# Strain Gauge Oscilloscope Help

• posted

I am using Vishay 120 ohm Strain Gauges, (specifically EA-06-062AP-120) to try and generalize certain readings taken from aircraft engines. We have set up a small device to vibrate to simulate an engine on a small scale. The strain gauge is mounted to this device and the leads are then attached from the strain gauge terminals to a low noise signal amplifier and then to a computer based oscilloscope.

Here is a link of a sample output image taken at 16.7 Hz. The small wave is coming from a signal generator while the larger wave is from the strain gauge and amplified by low noise amplifier.

I understand that a strain gauge is in essence a resistor. However this setup is just going through a low noise amplifier, and not a wheatstone bridge. I understand what I would probably expect if I went through a wheatstone bridge followed by the amplifier, but this is different. So is what I am looking at in that graph the value of the resistance of the the strain gauge with respect to the signal from the signal generator? Can anyone help explain to me in english what exactly I am looking at on this oscilloscope screen. What is the significance of the Vrms value if it is a resistance? And I know the -24.8dBm is in relation to the gain, but what does it mean?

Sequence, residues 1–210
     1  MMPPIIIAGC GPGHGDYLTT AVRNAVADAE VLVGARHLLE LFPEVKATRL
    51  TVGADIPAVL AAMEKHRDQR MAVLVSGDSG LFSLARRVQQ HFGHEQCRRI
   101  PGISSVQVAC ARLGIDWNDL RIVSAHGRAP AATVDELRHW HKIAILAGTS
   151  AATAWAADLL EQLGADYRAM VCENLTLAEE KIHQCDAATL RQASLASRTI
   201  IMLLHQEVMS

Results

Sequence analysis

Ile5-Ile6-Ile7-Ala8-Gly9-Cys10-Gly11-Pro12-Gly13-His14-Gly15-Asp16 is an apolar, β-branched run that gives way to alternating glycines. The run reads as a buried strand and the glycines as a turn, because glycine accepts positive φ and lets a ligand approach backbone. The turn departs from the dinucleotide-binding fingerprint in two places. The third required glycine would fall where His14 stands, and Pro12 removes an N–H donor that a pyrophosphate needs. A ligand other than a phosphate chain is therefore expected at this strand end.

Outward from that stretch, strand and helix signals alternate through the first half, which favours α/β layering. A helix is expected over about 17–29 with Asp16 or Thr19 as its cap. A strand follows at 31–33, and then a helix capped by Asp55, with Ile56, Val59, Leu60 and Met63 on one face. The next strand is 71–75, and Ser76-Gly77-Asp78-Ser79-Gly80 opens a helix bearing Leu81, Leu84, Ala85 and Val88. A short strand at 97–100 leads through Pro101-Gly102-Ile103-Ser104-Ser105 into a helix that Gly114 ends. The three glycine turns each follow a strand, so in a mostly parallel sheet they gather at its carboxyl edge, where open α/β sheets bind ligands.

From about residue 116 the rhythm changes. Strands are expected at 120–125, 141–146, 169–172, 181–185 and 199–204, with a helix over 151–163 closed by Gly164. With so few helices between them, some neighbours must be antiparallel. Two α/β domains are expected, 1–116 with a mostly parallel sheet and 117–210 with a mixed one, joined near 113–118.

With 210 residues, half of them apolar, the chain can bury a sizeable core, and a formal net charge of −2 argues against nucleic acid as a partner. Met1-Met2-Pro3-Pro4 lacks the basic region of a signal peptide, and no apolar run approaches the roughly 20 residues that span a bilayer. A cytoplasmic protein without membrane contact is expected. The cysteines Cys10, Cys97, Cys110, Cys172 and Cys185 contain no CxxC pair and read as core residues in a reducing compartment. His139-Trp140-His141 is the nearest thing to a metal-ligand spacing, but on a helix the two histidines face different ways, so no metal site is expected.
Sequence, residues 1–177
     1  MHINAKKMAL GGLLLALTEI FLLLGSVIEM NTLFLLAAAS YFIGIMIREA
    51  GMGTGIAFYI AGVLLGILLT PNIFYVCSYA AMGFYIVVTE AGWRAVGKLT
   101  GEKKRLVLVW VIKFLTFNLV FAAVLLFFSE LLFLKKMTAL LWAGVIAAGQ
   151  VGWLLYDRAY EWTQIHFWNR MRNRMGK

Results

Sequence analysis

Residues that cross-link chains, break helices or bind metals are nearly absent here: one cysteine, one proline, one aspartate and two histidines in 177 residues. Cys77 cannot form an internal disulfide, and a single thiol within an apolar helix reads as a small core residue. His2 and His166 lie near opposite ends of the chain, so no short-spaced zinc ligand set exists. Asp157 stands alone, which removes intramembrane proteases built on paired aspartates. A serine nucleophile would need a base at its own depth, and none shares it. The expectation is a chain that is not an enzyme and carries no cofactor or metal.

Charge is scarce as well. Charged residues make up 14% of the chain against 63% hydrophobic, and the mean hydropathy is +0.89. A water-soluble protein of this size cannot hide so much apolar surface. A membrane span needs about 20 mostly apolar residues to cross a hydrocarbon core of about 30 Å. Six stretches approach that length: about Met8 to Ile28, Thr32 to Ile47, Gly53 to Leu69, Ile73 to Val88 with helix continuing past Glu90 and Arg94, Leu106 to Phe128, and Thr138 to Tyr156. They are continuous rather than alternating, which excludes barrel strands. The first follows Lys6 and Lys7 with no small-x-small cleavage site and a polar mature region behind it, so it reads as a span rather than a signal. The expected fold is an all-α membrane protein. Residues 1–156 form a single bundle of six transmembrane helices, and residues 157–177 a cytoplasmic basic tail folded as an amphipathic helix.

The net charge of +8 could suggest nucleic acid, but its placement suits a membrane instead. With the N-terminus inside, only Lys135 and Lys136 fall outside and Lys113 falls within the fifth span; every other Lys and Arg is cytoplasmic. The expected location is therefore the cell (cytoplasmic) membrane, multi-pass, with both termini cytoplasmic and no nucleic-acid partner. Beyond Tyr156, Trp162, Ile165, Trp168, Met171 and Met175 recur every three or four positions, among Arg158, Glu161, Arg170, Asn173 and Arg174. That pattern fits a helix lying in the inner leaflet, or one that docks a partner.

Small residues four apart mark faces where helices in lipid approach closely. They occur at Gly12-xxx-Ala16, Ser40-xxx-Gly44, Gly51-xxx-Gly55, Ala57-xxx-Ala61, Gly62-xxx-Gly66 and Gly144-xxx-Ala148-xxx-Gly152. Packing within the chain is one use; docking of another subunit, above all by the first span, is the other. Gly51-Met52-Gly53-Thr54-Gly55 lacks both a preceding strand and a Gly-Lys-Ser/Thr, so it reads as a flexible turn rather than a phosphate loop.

The signal generator is at 16.7 Hz with a setting of 1.5V per division, while the signal from the strain gauge is a setting of 50 mV per division.

On a different note, the amplifier has a gain based on the resistance value of a particular potentiometer mounted to a circuit board. Is there a way to measure the resistance of that potentiometer while it is mounted to the circuit board? Is it acceptable just to use an ohmmeter across available terminals?

Any help is much appreciated.

• posted

An 'amplifier' by itself can't measure a resistance. There must be some aspect of the circuit passing some current through the strain gauge. It may be built in to the 'control amplifier' you mention. The scope is showing you *voltage* output of the control amplifier. To work back and get the resistance, you need to know something about that exact 'control amplifier'. Sometimes referred to as 'excitation' current.